For about three years I’ve been writing my dates YYYY MM DD, but until today I didn’t know the name of this style. It is called “ISO 8601” and there is an excellent summary of it by Markus Kuhn (far better than Wikipedia’s lame attempt to describe it) here:
Some points he observes:
- easily readable and writeable by software (no ‘JAN’, ‘FEB’, … table necessary)
- easily comparable and sortable with a trivial string comparison
- language independent
- can not be confused with other popular date notations
- consistency with the common 24h time notation system, where the larger units (hours) are also written in front of the smaller ones (minutes and seconds)
- strings containing a date followed by a time are also easily comparable and sortable (e.g. write “1995-02-04 22:45:00”)
- the notation is short and has constant length, which makes both keyboard data entry and table layout easier
- identical to the Chinese date notation, so the largest cultural group (>25%) on this planet is already familiar with it 🙂
- date notations with the order “year, month, day” are in addition already widely used e.g. in Japan, Korea, Hungary, Sweden, Finland, Denmark, and a few other countries and people in the U.S. are already used to at least the “month, day” order
- a 4-digit year representation avoids overflow problems after 2099-12-31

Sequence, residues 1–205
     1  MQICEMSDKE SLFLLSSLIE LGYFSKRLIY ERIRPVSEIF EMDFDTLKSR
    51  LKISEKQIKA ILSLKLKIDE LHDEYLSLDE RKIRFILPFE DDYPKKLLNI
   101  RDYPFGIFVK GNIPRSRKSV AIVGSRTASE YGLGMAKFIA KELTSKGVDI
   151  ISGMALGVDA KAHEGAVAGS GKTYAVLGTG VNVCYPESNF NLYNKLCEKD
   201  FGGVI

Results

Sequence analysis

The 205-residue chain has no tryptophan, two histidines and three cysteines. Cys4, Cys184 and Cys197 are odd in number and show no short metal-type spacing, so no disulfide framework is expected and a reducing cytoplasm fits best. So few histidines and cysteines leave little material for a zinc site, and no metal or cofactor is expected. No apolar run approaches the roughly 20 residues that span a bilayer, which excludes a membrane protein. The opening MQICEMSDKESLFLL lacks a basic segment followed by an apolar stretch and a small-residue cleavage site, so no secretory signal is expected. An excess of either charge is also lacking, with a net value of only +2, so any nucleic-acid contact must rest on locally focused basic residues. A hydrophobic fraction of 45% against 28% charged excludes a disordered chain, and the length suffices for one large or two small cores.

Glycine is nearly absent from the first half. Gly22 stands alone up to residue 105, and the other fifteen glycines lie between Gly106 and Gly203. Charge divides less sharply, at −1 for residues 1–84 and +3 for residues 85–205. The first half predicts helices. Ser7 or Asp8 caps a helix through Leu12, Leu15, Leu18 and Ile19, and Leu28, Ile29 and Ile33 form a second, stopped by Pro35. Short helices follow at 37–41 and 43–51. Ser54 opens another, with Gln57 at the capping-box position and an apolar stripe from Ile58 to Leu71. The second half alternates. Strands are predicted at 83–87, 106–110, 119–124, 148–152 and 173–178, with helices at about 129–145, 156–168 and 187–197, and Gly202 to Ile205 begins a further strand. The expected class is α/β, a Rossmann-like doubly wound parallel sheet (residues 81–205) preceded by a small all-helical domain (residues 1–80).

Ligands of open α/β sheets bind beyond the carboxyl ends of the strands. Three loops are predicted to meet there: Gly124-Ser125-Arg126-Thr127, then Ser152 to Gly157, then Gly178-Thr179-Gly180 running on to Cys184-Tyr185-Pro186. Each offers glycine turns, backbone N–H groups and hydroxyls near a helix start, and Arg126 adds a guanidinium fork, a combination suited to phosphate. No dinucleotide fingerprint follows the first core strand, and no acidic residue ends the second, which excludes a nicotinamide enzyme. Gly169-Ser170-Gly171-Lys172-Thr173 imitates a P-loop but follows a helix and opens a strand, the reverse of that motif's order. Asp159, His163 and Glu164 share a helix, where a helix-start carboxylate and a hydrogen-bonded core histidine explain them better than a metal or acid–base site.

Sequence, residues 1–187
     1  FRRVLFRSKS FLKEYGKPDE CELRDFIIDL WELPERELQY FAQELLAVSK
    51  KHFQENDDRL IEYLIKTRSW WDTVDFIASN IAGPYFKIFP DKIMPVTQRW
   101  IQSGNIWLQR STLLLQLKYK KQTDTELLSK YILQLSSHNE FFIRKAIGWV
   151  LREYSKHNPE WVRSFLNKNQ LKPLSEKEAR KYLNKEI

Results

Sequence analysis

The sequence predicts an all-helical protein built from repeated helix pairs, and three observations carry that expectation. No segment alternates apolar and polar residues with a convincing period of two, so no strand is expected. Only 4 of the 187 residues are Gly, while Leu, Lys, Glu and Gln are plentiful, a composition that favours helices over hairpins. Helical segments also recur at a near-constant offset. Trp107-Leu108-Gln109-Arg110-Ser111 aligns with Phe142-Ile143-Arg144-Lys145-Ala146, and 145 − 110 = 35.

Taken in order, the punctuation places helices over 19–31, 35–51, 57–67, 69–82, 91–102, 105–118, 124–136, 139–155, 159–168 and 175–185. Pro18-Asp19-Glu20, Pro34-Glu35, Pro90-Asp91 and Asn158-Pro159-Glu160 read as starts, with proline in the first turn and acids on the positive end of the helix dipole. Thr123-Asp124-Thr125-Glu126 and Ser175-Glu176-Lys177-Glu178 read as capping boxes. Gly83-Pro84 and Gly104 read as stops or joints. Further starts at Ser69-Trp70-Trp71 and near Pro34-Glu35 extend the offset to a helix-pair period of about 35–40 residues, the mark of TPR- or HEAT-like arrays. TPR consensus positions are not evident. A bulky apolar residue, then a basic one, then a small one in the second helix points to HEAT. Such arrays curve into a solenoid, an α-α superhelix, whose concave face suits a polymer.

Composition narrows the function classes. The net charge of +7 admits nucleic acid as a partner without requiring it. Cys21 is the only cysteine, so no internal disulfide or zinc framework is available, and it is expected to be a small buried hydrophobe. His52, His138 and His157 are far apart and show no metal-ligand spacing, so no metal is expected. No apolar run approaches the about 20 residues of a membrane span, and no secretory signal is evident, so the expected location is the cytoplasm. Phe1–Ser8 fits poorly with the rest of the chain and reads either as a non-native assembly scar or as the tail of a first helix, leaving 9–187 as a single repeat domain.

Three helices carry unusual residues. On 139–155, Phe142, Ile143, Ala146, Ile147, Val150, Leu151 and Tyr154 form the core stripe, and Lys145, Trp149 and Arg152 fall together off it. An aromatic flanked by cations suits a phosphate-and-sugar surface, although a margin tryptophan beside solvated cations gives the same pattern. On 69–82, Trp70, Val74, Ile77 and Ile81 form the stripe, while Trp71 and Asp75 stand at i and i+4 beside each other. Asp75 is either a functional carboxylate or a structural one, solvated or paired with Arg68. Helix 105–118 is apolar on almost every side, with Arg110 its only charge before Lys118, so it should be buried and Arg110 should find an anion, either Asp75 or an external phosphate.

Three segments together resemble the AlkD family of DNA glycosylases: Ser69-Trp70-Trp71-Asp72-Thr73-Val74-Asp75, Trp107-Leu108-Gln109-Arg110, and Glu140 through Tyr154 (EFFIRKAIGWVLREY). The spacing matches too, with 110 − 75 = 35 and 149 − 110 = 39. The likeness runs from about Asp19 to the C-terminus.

- As dates will look a little bit strange anyway starting with 2000-01-01 (e.g. like 1/1/0), it has been suggested that the year 2000 is an excellent opportunity to change to the standard date notation.
I’ve mainly been using it for computer files, but I think I’ll start writing the dates on my checks that way as of now. With periods though, not slashes. Personal preference.
A sidenote: In “ISO 8601” you’d assume that the I stands for International and the S for Standards. And the O for orgasm. But you’d be wrong. (I was). This site says “The organization is usually referred to simply as ISO (pronounced eye-so). It is a common misconception that ISO stands for International Standards Organization, or something similar. ISO is not an acronym; it comes from the Greek word isos, meaning equal. In English its name is International Organization for Standardization, while in French it is called Organisation Internationale de Normalisation; to use an acronym would result in different acronyms in English (IOS) and French (OIN), thus the founders of the organization chose ISO as the universal short form of its name. However it should be noted that ISO also identifies itself as the International Organization for Standardization in its own reports.” (Given their desire for standards, these variations of interpretation of the “ISO” must surely drive the “ISO” members to distraction).